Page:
I have an Intel® Desktop Board DH77EB and at some point it started to ask for a password I don't have.
Whenever I press the power button with the jumper in (it doesn't seem to matter which position, "1 - 2" or "2 - 3", neither behaves differently), I'm stuck in the "Enter Password to unlock system" screen - if I try to enter a blank password, at the third time it displays:
"Password check failed.
Please refer to the Product Guide at
Fatal Error... System halted"
Sometimes the logo shows up, sometimes it doesn't - it seems completely random to me - but it never makes any difference to press F2, F7 or F10.
I have tried taking out the flash battery for about 15 minutes to see if it could fix it, but it only displayed the clock warning, which means it's been reset, and nothing else changed.
After some research, I found this reply https://forums.intel.com/s/question/0D70P000006JbIOSA0 and followed its instructions.
I have a 2.0 USB flash drive that has been formatted with the FAT32 file system with the "Quick Format" option disabled. I have transferred the "EB0103.BIO" into it and I have inserted the flash drive in one of the motherboard's 2.0 USB port.
After all this setup, I turn the computer on without the jumper but surprisingly the mobo doesn't display anything to the monitor.
I have to say this is one of the most frustrating issues I have ever faced regarding IT and the fact that Intel simply decided not to give this hardware owners any support seems completely whimsical to me. I had to search for this file myself instead of downloading it from the official website.
I hope someone in the Intel community can help me since it seems to be my last hope - I have idle hardware that I could be using and I don't want to have to buy another mobo.
Intel announced on the Desktop Forum in october 2019 that support files for these discontinued/unsupported boards were being removed.
Use the procedure here provided by Scott. Do not skip or dismiss any steps.
Yes, I am aware of the removal of the files. I just think Intel shouldn't have done that with its customers.
I have followed the steps presented by Scott, but I have an issue on step no. 13 "NOTE: If you do not see a progress report displayed on a monitor, do not power off the system for at least 15 minutes. While it is rare, it is possible for the process to proceed without an onscreen display; you must give it ample time to complete, just in case.".
My case is one of those rare cases in which the process proceeds without onscreen, apparently. I let it turned on for more than one hour now and still, nothing shows up.
I wonder, is this motherboard lost, afterall?
LOL! No, if the BIOS update happens at all, it will be done in max 10 minutes. If there is no display, there will never be a display. If you are at or past the 15 minute mark, you should power off, restore the jumper and try booting. BTW, putting the jumper in the 2-3 position and then powering on should start BIOS in maintenance mode - which includes capability to clear passwords.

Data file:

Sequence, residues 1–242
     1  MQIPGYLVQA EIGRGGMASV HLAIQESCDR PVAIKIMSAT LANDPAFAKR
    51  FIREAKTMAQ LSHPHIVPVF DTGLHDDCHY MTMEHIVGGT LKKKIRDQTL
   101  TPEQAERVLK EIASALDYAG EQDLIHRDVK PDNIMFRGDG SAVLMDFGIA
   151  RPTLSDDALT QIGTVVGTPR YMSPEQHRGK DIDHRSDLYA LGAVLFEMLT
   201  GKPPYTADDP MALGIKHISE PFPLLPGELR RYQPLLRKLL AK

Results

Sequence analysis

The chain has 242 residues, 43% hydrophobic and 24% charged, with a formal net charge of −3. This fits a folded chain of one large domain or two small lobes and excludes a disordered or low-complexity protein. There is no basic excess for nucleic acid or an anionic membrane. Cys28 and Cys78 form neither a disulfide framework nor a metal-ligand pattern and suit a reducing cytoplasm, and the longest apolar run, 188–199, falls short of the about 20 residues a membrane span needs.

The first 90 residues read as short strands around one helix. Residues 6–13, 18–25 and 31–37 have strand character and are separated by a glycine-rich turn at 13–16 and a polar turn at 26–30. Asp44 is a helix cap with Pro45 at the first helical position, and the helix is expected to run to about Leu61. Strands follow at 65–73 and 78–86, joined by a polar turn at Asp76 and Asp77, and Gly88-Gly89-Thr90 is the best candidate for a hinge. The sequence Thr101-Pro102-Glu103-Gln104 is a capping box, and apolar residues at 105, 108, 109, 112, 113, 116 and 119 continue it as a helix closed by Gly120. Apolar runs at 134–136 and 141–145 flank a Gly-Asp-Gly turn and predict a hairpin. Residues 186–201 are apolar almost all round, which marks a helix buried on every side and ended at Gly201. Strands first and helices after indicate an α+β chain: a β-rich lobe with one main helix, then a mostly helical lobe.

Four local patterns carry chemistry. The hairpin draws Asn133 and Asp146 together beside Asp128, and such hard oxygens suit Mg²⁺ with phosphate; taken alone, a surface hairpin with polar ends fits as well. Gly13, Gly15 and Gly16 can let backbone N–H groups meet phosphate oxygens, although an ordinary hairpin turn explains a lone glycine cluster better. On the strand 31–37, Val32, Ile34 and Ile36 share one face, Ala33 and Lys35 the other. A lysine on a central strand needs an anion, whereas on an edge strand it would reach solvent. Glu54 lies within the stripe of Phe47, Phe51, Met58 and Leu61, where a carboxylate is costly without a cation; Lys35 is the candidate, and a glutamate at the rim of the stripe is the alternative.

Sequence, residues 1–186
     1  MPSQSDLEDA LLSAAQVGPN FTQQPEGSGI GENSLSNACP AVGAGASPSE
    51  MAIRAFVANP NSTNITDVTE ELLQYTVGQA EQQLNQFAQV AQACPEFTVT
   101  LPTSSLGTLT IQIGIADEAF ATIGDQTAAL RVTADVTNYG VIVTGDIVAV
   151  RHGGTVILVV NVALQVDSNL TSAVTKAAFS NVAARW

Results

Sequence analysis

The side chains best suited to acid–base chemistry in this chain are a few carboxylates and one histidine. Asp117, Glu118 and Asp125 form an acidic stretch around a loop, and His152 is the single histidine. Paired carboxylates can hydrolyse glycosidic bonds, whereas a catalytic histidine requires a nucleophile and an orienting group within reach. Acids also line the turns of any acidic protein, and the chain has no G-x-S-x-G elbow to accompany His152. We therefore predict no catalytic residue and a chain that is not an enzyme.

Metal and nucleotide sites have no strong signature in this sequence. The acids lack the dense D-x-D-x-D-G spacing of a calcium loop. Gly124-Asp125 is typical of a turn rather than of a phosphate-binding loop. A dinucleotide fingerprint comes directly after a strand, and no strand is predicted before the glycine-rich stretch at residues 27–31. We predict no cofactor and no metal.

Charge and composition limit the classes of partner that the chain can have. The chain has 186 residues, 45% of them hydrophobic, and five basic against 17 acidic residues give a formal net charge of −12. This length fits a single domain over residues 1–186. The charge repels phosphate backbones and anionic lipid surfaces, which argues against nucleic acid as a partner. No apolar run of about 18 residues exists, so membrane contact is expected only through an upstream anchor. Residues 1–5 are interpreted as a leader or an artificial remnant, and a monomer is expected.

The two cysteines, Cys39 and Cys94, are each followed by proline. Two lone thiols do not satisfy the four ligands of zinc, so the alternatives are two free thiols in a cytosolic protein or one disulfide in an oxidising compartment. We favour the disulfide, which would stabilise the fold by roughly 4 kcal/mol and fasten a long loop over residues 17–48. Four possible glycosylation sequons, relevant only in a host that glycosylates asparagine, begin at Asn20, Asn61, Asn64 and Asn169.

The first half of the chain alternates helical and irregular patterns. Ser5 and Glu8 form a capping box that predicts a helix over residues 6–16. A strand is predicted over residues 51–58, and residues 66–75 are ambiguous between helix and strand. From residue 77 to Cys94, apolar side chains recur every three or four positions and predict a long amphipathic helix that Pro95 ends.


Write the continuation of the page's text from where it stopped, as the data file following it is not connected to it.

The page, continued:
Well, like I said in the original post, putting the jumper in the 2-3 position doesn't change the mobo's behaviour and therefore doesn't give me the capability to get past trough the "Enter Password to unlock system" screen.
I guess this is it then, nothing can fix this.
Thanks for your help.
Ok, I was hoping we would get lucky but it doesn't appear to be the case. Don't shoot the messenger. There is a bug common to the BIOS of various 7 Series Desktop Boards. Unfortunately, it was not reported until after Intel had shut down the Desktop Boards group and thus there have never been any BIOS resources available to root cause the issue. I have seen it reported probably a dozen times or so now. In most cases, it is reported by someone purchasing one of these boards second hand. The original owner says they never installed a password, yet the purchaser is seeing one that they cannot clear. What I think is happening is that, somehow, the BIOS flash - and specifically one of the buffers used to hold encrypted passwords - is getting corrupted. This is probably happening during system deconstruction/reconstruction. Regardless, because the buffer is corrupted, this password can never be matched and, because of this bug, this password can't be cleared. Once a board gets into this state, there's seemingly nothing that can be done about it. If it is the Supervisor password that is corrupted, you may be able to boot, but you cannot update or reconfigure the BIOS. If it is the User password, the board is essentially bricked; you cannot update or reconfigure the BIOS and you cannot boot.
I wish I had better news, but it is what it is. Reality bites,
Oh no, please don't get me
wrong! I'm sorry if I seemed aggressive on my comments, I was just upset with the issue itself.
As a matter of fact, the board belongs to my father's company and I used the PC at my house for a couple of years. When I returned it, the person in charge of the company's IT asked me the BIOS password. What's odd is that I have actually set a password for it in the past and I was never able to clean it, but at least when I typed the passcode before it would recognize it.
The company provides parts mostly for hospital industries, so the requests have gone crazy these days and my father asked me to help. I decided to tackle this mobo issue to try and bring the machine back to life, even tried the hardware on another 1155 board, but the power supply and cpu's fans would only twitch a bit intermittently nonstop.
Anyways, thank you for such a complete answer.
Guess we'll have to buy another board afterall (but at least I know why).